Game Reviews


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| Seabeard
| Seabeard

There's a painfully compulsive rhythm to Seabeard, a sweet grind that some will find charming and others will find utterly pointless.

It's a game about collecting resources, completing little quests here and there to make bobble-headed characters give you things, and building a pirate island back to its former glory.

But it's very much in for the long haul. Getting anything done takes a good chunk of time, and while you can buy in-game currency to speed things up, it sort of feels like missing the point.

And that's the problem. Seabeard is twee and delightful on the one hand, and on the other an exercise in free to play purchase loops and heady capitalism.

Set sail

You'll spend most of your time pottering around the variety of islands that make up the game world searching for things. You might need some driftwood to build a house, or some fish to sell at your fish stall.

There are two ways to travel between islands. The first is on an energy system and sees you completing a mini-game. These range from shooting range challenges to little races. Do well and you'll be rewarded.

The other is a fast-travel option that lets you skip the mini-game, and the rare reward it promises, and just pootle along to wherever it is you fancy going.

It means that when you run out of energy, you can still keep playing the game. And after having a wander around your destination you'll probably find you've got some more boat-juice and can go fire a cannon at a tentacle monster again.

Squid attack

There's certainly plenty to do, and you'll have five or more quests and side quests on the go at any given time. But a lot of them are pretty similar.

You need to shake trees for apples, ruffle bushes for worms, or scavenge beaches for driftwood.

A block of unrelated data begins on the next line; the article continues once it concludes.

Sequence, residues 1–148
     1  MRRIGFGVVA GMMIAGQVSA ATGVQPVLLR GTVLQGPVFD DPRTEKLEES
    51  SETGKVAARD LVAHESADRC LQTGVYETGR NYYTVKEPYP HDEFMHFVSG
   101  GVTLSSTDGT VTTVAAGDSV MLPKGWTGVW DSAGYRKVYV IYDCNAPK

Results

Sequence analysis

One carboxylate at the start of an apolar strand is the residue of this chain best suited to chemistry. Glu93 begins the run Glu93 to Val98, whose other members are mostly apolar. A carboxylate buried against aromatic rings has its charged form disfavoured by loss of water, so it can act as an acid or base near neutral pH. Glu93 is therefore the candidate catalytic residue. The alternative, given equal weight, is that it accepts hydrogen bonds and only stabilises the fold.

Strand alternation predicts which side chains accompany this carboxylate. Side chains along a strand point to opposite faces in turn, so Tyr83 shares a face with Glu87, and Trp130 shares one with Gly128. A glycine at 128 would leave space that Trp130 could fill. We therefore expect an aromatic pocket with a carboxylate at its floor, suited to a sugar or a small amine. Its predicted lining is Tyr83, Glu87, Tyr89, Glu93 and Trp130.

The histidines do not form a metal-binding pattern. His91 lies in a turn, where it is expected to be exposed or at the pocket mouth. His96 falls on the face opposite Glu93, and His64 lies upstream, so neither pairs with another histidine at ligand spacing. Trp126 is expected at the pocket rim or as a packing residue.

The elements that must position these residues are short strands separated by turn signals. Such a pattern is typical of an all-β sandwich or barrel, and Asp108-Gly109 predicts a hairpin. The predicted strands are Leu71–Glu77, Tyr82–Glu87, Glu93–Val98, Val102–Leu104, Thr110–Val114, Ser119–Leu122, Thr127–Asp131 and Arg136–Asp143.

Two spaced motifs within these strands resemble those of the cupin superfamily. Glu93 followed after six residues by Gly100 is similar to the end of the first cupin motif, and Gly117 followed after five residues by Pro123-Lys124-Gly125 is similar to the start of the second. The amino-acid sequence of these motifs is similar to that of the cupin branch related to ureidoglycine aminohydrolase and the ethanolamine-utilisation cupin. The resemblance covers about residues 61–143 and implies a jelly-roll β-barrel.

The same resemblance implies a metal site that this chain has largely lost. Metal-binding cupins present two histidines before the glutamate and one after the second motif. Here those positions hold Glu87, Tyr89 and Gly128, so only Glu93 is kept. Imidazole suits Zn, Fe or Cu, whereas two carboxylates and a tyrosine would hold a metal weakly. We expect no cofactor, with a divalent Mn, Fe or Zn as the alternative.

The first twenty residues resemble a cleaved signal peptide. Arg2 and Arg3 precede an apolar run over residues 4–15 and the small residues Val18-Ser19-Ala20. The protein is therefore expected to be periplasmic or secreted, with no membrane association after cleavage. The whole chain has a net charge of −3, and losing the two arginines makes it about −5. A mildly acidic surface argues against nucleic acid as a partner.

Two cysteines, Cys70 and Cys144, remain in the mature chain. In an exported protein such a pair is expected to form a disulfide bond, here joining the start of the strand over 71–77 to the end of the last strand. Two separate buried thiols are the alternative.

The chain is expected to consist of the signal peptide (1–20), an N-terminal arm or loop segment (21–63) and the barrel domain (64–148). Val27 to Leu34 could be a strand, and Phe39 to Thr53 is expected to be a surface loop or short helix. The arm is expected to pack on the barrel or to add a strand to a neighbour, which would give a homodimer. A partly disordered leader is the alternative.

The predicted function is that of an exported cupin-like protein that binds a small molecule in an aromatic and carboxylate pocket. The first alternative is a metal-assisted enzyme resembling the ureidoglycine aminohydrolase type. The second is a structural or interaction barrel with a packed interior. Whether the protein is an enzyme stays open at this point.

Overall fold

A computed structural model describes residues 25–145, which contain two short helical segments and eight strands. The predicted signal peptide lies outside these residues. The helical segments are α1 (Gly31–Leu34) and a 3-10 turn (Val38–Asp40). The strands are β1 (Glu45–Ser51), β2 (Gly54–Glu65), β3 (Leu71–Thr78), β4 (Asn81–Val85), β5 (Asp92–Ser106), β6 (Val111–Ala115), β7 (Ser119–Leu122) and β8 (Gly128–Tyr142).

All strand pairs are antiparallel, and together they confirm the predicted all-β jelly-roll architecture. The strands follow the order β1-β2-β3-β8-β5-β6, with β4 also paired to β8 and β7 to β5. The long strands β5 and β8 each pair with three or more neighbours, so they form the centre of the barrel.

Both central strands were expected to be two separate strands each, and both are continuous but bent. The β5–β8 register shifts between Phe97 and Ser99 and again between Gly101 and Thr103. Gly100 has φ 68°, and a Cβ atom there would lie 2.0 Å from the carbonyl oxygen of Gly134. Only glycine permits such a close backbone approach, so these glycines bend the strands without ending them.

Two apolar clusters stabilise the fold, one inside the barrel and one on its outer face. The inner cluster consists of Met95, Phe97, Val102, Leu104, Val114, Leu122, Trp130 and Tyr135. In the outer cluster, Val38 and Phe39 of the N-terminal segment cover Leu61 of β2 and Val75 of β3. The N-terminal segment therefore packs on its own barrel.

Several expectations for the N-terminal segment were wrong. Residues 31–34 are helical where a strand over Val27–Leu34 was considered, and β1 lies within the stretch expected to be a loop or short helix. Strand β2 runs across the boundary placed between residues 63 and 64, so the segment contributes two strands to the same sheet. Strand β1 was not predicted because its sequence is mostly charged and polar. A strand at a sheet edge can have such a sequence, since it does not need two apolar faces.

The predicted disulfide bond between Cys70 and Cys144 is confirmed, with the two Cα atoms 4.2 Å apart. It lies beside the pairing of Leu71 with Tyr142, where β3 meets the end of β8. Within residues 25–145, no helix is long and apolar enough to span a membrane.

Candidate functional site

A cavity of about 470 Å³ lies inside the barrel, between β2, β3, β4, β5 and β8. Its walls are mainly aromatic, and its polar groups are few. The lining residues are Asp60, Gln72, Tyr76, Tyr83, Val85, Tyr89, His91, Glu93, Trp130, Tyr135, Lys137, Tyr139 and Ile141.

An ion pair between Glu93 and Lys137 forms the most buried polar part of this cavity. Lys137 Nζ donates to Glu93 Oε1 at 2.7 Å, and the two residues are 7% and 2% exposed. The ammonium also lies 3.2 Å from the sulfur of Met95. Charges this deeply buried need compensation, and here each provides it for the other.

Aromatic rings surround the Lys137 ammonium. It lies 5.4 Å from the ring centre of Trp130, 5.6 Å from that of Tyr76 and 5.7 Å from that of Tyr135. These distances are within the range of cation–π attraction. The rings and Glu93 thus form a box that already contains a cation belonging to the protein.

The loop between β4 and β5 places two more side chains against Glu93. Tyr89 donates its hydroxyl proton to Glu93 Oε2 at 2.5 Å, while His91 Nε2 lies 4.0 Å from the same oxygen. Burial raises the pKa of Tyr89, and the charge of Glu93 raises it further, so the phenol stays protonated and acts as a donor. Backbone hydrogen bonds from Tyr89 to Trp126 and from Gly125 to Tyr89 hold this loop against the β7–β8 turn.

This all boils down to spotting the thing that you're looking and then tapping on it. Fishing offers a little variety – you end up in a battle with the fish once you've snagged it, with a reel appearing on the screen.

Everything looks sumptuous, from the rolling waves of the sea to the chunky trees and cute scampering cows, and that makes stomping around looking for stuff that little bit more exciting.

A few hours into the game you'll learn to sword fight as well, which lets you access areas you used to just run away from.

You can speed almost anything up by throwing some currency at it. Need to find a rare apple? Just pay some pearls and you'll get one.

Don't want to wait three hours for that bridge to be built? Throw some pearls at the builders and they'll finish it sharpish.

If that's how you like to play then it's not too much trouble, but if you're the sort who walks away as soon as a wait-timer pops up you're likely to do just that.


Seabeard at its best is bright and breezy. You can dip in and play for a few minutes, grab some apples, sell some fish, and then wander off and do something else.

But it never really bursts into life. Its grind is a little too stretched out, its reward structure not quite generous enough at the start to really make you long for more.

This isn't quite the Nintendo-style adventure that some people might have wished for, but it's entertaining enough if you don't mind waiting or paying.


A light-hearted adventure that nearly hits Nintendo-style heights, but never quite manages to get there
Harry Slater
Harry Slater
Harry used to be really good at Snake on the Nokia 5110. Apparently though, digital snake wrangling isn't a proper job, so now he writes words about games instead.